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Viola strings can significantly affect the sound of your instrument. You may want to experiment with different brands to determine the sound you like best on your viola (the same string can produce varied results on different violas). Strings are made of several different types of materials: all-metal, synthetic-core and gut-core (gut-core and synthetic-core strings are wound with metal). Although strings once were made solely of gut (sheep or lamb intestines), all-gut strings are rarely used today (they're expensive and rapidly go out-of-tune). For directions on how to change strings, visit our Changing Strings page. The following section highlights differences between various types of strings.

Synthetic Core These strings use a core made out of a durable synthetic product such as perlon or kevlar, and are wrapped with metals such as aluminum or silver. Synthetic-core strings are designed to replicate the rich sound of gut strings, and feature a warm, bright tone without requiring the frequent tuning of gut-core strings. Brands such as Thomastik’s Dominant strings were the first synthetic string made, and still enjoy wide popularity.

Metal Strings All-metal strings are often described as having a bright, loud sound. These strings generally have a steel core, and are wound with various metals such as silver, titanium or steel. All-metal strings often remain in tune better than other strings (the steel core isn’t as impacted by humidity and temperature as gut-core or synthetic-core strings). For this reason, all-metal strings are often used for student violins (brands such as Super-Sensitive Red Label are inexpensive options often used by student violists). Some violists also use “A” strings made of titanium or steel such as Kaplan’s Solutions or Jargar in combination with synthetic-core brands for the other strings.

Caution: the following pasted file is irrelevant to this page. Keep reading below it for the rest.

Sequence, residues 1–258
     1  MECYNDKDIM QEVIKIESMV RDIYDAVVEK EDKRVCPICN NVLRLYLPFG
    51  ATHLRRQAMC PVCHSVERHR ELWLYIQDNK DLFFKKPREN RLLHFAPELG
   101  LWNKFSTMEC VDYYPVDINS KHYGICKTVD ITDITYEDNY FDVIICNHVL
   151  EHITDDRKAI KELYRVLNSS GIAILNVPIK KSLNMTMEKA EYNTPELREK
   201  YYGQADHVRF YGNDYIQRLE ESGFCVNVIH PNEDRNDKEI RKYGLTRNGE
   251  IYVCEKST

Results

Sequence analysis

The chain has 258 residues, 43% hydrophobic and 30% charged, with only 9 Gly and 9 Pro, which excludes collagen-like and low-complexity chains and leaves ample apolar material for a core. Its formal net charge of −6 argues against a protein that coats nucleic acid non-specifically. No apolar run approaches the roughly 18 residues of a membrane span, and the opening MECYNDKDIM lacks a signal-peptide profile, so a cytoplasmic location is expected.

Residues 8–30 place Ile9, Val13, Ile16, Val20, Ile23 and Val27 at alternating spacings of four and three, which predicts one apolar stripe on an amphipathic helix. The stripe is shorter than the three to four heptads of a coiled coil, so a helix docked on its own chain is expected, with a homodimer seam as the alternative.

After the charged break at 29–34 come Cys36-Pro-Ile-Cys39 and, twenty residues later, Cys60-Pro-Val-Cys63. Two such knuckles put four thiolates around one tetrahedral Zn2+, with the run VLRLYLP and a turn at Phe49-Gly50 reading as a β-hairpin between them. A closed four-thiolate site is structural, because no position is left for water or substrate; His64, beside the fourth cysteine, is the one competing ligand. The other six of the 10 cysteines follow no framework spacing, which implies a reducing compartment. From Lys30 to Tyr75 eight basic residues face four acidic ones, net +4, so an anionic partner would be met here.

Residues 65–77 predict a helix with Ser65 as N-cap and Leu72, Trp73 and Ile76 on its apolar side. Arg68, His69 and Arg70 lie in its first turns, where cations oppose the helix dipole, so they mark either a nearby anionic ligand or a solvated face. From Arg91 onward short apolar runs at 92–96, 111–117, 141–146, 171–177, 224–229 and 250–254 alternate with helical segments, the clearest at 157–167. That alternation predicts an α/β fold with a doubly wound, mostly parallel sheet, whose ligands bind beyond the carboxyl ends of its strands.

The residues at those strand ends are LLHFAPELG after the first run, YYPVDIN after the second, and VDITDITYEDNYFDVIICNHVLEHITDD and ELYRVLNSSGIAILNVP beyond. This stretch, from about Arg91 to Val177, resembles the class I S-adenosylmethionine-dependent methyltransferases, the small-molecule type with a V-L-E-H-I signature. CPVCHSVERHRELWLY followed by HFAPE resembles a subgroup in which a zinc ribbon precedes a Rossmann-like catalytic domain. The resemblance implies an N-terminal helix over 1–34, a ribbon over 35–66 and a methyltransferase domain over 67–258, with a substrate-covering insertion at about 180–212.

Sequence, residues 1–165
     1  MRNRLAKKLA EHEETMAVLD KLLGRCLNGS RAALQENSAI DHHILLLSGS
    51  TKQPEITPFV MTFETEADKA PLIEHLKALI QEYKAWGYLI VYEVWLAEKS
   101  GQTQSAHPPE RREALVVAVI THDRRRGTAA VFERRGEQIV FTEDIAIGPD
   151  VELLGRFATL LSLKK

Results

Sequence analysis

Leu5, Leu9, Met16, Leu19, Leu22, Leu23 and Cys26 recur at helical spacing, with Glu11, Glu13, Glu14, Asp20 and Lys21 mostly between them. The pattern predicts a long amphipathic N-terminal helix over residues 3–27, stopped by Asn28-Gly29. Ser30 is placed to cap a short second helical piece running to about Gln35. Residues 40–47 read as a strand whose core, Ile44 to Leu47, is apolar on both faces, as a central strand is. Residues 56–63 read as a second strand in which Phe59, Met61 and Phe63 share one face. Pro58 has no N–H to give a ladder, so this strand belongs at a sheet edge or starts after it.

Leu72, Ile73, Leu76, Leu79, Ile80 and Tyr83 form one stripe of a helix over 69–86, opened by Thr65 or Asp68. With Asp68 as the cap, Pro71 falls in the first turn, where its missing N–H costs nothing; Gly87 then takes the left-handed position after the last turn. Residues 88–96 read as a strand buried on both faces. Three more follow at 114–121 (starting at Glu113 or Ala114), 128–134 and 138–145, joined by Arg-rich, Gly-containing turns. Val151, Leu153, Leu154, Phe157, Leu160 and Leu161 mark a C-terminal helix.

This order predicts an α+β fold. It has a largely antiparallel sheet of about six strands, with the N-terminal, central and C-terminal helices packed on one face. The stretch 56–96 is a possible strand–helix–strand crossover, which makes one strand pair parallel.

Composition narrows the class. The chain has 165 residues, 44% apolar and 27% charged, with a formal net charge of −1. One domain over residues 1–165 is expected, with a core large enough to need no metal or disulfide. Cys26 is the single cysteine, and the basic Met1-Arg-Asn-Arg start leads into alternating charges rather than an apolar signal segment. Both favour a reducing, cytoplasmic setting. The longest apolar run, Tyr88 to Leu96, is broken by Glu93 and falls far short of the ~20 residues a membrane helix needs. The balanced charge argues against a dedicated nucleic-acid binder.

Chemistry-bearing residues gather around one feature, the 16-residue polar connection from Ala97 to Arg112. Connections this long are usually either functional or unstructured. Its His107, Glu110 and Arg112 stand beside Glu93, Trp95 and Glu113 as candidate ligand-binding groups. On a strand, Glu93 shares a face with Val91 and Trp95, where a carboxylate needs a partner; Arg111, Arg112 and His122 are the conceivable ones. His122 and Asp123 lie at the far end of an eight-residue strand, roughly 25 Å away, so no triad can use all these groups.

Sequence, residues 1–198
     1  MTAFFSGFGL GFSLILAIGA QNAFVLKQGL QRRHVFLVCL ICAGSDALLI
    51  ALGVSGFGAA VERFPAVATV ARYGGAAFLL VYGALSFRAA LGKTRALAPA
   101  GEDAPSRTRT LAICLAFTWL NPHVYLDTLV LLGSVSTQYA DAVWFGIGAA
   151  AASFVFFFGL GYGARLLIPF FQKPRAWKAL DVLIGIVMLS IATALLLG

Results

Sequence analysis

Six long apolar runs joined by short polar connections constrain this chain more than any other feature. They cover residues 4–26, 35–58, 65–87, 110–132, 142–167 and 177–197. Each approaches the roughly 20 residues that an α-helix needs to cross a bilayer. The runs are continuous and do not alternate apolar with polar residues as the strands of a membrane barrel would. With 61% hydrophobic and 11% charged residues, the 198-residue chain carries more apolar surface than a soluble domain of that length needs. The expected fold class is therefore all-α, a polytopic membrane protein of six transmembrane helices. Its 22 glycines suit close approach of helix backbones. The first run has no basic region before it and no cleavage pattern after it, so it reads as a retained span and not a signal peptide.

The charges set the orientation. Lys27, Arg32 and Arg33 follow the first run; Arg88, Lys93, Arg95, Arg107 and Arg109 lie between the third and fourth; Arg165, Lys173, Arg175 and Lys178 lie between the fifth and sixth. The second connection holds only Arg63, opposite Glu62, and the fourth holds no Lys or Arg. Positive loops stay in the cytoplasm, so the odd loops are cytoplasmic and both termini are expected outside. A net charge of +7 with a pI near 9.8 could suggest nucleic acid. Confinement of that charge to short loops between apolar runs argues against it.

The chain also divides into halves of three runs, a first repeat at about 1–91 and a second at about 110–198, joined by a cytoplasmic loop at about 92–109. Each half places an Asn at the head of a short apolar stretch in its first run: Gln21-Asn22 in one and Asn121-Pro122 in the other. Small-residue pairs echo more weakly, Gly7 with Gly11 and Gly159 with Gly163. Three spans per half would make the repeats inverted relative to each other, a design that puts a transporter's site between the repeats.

Gut Core Strings Some professional violists prefer gut-core strings because of the rich, warm sound they produce on their instrument. These strings are not as durable as metal or synthetic-core strings, and are more sensitive to humidity and temperature changes (thus requiring more frequent tuning than other strings).

How do I know which size viola string to buy? Viola string sizes should match the size of your instrument. If you aren’t sure what size your viola is, measure the length of the back of your viola (don’t include the neck, scroll or end button). Although violins and cellos have standard sizes, there are no standard sizes for full-size violas. Full-size violas range from 15”-17” with typical sizes being: 15,” 15-1/2,” 16,” 16-1/2” and 17” with 16” being the average. Sizes for smaller violas include: 11,” 12,” 13,” 14” and 14-1/2.”

The following sampling of viola strings features some of the most popular brands (additional brands are available). Strings may be purchased in sets containing all 4 strings or as individual strings, and most of the strings listed below are for full-size violas 15 to 16-1/2.” Viola strings for full-size violas are also sometimes labeled as full-size “medium scale” for violas 15-16,” and full-size “long scale” for instruments 16-1/2” and longer. For small violas, some brands such as Red Label have categories such as: Intermediate= 14” violas; Junior= 13” violas; Mini= 12” violas; and Sub-mini= 11” violas.

What’s the difference between strings with a ball-end or loop end?Ball-end strings require a fine tuner with two prongs and loop-end strings can be used with both one and two-prong fine tuners. You may want to check to see how your viola is currently strung before ordering strings. There also are ball-end adapters as shown below (these enable ball end strings to be used with single prong tuners).

Clean your strings! After playing your instrument, before putting it away, don't forget to wipe the rosin off your strings. To clean your viola strings, all that is generally needed is a dry, lint-free cloth to wipe rosin from your strings after each playing session.

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